To document a REST API, you should:
- Document the media types you are using
- Document the link relations you are using.
- Identify the kinds of resources your API exposes and the relationships between those resources.
- Identify the root URL of your API.
- Identify what standard HTTP capabilities your api utilizes: e.g. Authentication methods, etags, conditional gets, caching, etc.
What you should not do is,
- Create a list of URL templates to describe your API.
- Explicitly state what content is returned from a particular URI.
- Identify what HTTP methods a URI supports.
- List the response codes a particular URI might return.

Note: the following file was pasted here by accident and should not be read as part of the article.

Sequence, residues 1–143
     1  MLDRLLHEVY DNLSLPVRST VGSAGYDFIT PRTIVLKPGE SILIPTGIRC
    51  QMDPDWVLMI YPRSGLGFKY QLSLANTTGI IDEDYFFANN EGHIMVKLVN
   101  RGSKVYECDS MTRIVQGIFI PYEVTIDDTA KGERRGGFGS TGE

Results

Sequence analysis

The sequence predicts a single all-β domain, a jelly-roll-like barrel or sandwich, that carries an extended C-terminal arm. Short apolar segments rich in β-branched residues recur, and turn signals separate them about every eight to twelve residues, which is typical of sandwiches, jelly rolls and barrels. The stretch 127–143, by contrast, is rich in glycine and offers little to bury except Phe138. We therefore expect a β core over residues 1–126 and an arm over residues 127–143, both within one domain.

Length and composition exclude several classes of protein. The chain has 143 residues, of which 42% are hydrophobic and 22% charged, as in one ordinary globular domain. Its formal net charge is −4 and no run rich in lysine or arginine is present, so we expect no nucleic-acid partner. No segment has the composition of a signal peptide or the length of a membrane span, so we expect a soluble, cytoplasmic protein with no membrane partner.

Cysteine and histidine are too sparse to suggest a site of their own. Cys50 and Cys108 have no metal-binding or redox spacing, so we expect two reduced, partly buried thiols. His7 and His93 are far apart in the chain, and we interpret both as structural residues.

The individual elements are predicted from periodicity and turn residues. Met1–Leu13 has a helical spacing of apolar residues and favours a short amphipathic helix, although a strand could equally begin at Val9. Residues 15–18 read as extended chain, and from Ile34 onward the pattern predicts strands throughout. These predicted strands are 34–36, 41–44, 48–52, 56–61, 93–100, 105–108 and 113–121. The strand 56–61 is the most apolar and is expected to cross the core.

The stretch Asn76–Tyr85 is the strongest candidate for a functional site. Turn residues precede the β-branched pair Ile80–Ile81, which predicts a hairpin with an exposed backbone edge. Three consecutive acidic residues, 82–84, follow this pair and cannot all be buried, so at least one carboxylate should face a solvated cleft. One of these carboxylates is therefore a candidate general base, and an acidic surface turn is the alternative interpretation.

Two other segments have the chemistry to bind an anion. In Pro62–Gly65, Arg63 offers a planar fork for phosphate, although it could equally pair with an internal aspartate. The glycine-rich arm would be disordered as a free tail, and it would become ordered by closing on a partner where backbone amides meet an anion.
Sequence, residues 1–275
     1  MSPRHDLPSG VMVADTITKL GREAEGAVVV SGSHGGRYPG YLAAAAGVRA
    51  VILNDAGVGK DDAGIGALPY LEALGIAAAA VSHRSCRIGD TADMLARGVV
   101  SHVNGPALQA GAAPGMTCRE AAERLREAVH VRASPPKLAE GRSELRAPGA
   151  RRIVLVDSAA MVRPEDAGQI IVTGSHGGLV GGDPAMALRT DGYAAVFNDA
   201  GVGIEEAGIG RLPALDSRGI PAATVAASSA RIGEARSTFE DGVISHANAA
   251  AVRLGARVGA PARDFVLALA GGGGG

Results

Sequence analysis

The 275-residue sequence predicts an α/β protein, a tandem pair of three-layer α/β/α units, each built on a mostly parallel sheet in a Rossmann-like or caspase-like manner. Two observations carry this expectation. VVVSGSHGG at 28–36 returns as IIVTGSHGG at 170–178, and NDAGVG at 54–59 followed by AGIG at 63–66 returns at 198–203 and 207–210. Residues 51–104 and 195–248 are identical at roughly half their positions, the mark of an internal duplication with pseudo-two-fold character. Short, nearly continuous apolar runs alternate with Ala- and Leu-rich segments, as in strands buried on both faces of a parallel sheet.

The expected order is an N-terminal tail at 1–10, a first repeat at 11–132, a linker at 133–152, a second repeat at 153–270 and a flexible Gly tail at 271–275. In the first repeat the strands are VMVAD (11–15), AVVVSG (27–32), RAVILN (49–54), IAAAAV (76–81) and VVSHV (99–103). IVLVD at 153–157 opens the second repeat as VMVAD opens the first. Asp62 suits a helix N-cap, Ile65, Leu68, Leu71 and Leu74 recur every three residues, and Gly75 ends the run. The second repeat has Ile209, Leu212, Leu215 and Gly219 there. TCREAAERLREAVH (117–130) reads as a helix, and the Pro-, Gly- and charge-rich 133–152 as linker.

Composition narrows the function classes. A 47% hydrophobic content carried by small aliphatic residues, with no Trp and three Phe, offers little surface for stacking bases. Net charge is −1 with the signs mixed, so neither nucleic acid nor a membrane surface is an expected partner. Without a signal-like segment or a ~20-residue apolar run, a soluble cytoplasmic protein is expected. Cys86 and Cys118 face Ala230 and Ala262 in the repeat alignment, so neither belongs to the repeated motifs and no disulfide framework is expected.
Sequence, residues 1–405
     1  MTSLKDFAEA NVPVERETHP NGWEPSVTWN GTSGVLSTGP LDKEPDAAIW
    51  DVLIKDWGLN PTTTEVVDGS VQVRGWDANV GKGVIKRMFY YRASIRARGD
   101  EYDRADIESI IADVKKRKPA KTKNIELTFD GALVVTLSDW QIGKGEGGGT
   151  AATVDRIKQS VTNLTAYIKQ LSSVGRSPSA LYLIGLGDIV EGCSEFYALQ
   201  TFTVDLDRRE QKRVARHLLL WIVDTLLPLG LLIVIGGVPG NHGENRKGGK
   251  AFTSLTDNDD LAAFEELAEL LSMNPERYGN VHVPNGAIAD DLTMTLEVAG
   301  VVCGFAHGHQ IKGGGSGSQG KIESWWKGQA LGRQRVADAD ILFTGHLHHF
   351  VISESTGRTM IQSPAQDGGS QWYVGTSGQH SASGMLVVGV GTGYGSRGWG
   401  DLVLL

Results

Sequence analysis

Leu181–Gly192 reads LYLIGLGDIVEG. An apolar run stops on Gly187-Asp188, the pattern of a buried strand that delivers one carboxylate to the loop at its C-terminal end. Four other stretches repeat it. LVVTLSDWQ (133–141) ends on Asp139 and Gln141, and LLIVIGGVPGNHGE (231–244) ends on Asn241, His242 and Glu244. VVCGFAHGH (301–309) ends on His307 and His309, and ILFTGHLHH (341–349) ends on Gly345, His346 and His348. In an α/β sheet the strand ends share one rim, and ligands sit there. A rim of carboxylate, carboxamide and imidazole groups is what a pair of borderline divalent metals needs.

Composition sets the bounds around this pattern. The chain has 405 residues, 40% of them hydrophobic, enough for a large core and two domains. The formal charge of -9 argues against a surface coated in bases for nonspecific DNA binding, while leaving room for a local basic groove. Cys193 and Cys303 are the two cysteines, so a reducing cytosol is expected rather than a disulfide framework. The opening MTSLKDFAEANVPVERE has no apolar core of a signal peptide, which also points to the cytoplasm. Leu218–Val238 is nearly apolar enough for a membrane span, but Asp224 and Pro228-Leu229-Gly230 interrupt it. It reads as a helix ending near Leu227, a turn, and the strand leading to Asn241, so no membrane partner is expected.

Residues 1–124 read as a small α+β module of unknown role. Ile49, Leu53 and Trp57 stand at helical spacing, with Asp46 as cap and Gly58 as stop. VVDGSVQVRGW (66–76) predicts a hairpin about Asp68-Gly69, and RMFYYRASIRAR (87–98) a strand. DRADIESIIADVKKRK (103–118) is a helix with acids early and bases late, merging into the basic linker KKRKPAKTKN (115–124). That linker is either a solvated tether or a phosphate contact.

This is an excellent example of how to document a REST API.
The bad news is that automatic document generation tools are pretty good at doing the things you should not do, but so far I haven't seen any that can do the things you should. The good news is, usually the documentation for a REST api does not need to be very long because HTTP's documentation should already describe how most of your API works.